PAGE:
Safety Orders: the safety order is an extra entry you can get, lower than your current entry if you are longing. So, for example maybe you entered on Bitcoin at $45,000 but the price drops at $40,000 and you decide to buy more. If you bought the same amount for both entries, your average is now $42,500. It is great because it allows you to lower down your average entry price. You can lay as many orders as you want, 5 or 10, and always lower down your entry. 3commas mains bots are DCA bots (check courses 14 for the different bots). DCA means Dollar Cost Average, basically it means to average down your entry, meaning using safety orders. The good part about safety orders is that they are usually limit orders. They are placed on the exchange ahead of time, and you incur much less fees. Safety Orders are useful only if your strategy needs them. Not all trading strategies use Safety Orders.

Along with Safety Orders, you will see Deviation to open safety order. This is basically the percentage that the price needs to move away from your entry to place the very first Safety order.

After that you will see Safety Order Step Scale. This is what is the percentage in between all subsequent Safety orders.

Finally, you will see Safety Order Volume Scale. This is the size of your Safety orders relative to the very first one. So let’s say you set up your base order to be equivalent to 10% of your account balance and your first Safety Order is 15%, if you set up your volume scale at 1, your safety orders will be all 15%. If you set up your volume scale at 2, then your safety orders will be 2 times the previous one. SO – base order 10%, Safety 1 15%, Safety 2 30%, Safety 3 60%. As you can see, it can go very fast and you can end up using your entire balance account, so you have to be careful.

Trailing Take Profit: Basically, once the price reaches the take profit level, it will start trailing it, meaning instead of taking profits, it will wait to see where the price goes. If it keeps going up, then it will secure more profits. As long as it goes up, it trails the price and brings the take profit level up and up.

Leverage: Another parameter you may encounter is leverage. When you trade, you can trade regular cryptocurrencies, this is called Spot Market, and you can also trade derivatives. For example “Futures”. There are other derivatives products out there, for now I will just talk about Futures. I highly recommend you to focus on one specific way to trade. If your goal is to make money, just focus on 1 of them (Spot, Futures, or Options, Margin, etc.) and then once you’re successful, you can try to branch out.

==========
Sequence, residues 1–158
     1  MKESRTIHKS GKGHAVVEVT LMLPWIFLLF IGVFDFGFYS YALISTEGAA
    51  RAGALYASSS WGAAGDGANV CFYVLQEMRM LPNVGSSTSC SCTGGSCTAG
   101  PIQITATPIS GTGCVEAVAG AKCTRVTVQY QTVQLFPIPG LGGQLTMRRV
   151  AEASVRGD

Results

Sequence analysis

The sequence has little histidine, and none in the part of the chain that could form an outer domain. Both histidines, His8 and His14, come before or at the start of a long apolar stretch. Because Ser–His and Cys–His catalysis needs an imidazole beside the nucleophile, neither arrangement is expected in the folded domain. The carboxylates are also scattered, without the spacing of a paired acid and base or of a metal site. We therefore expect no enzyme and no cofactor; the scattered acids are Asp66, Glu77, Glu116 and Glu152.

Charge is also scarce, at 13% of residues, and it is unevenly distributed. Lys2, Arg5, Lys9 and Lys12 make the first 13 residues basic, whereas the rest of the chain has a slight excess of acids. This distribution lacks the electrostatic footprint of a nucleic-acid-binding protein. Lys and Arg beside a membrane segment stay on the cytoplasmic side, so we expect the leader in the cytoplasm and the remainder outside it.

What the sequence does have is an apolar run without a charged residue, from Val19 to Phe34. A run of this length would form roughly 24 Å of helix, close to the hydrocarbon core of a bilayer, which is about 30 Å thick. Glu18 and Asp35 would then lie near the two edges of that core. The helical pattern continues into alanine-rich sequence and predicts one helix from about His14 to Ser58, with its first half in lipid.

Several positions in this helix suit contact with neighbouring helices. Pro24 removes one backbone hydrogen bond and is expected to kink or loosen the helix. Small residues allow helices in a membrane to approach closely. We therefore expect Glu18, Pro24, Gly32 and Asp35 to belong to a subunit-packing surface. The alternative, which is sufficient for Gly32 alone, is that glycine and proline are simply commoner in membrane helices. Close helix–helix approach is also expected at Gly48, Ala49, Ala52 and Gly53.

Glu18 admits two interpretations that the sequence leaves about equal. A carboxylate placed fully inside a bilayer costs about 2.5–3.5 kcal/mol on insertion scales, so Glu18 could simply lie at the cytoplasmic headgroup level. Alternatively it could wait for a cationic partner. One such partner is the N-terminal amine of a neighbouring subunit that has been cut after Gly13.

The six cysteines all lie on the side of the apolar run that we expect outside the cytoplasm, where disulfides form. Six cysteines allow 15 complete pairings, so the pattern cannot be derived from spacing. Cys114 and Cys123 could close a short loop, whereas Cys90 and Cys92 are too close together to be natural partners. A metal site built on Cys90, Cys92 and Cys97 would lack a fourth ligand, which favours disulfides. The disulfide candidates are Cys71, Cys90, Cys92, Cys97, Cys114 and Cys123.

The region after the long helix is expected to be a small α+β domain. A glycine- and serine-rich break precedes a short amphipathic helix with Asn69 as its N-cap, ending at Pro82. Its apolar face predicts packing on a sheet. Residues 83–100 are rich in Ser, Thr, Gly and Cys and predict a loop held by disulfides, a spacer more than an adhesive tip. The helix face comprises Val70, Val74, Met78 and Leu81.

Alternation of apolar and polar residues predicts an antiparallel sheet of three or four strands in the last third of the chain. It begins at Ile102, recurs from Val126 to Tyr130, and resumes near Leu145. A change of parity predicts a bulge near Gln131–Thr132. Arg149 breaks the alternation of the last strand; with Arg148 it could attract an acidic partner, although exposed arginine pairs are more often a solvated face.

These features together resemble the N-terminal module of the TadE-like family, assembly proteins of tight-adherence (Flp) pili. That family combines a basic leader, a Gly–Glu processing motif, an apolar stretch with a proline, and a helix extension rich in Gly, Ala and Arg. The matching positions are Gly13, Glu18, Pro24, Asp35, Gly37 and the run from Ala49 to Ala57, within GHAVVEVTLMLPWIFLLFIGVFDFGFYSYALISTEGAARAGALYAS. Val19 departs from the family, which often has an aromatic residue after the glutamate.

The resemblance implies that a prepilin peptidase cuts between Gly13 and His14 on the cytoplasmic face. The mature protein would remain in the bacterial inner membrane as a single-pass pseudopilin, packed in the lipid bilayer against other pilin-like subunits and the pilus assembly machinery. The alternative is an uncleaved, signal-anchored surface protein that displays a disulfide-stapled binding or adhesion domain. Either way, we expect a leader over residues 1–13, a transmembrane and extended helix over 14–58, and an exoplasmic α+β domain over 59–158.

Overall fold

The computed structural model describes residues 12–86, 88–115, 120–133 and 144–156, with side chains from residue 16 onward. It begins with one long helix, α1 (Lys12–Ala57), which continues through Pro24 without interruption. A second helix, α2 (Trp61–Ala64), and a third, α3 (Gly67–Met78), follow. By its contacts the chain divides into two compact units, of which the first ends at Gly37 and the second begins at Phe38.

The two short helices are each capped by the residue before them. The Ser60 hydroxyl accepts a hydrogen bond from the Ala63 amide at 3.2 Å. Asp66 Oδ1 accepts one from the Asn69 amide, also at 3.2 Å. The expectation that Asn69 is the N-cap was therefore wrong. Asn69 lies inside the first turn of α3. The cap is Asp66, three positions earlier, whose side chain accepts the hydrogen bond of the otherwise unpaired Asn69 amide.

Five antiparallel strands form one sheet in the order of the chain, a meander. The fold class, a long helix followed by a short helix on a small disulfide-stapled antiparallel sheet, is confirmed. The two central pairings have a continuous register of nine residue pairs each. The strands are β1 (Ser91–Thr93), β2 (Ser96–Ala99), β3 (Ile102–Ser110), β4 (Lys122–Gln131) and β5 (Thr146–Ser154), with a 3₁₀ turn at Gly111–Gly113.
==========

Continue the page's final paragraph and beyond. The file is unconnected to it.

Back to our Leverage – in futures, you are basically betting on the direction of the market (Long or Short = price will go up or price will go down), and so you can buy more than what you have. If your account is $100 and you buy $200 worth, now you are 2 times more exposed to losing all your money. You can go on some platform up to 125 times your account balance. So, if you have $100, you can bet $12,500. Anything over 10x leverage is ridiculous, or I should say “Degen”. Many people will tell you actually to stay less than 5x. What you must understand is the higher the leverage, the smaller your room for error. Given crypto volatility, using 125x would mean you need to get in and out within the same 5 minutes, otherwise you get liquidated.

So, leverage is the number of times you want to bet your account balance. It is summarized and represented very simply here. You will have to set up leverage on your bot if you don’t use Spot. By experience, based on probabilities, losing streak, win rate, etc. a leverage of 2x or 3x is totally doable.

Leverage Type: Along with the leverage, you will have the leverage type. Cross or Isolated. Cross means that your margin will be shared across all your positions. Isolated, like its name indicates it, means that only the isolated margin is taken into account in the trade. The margin is the amount you are betting out of your balance.

If your balance is $1,000 and you will use 6x, using 50% of your account, meaning using 50% of your available margin:

For cross leverage, 100% of your account can actually be used to keep a position open. This mean you can get liquidated for the entire balance.

For isolated, only that betted margin can be liquidated, which is 50%.

You are probably thinking isolated is better than cross – well, it depends your strategy.

My recommendation is once you have a solid strategy, and it works, go 2 or 3x leverage and see what you get. It is reasonable, and the liquidation level will normally be beyond your stop loss anyway.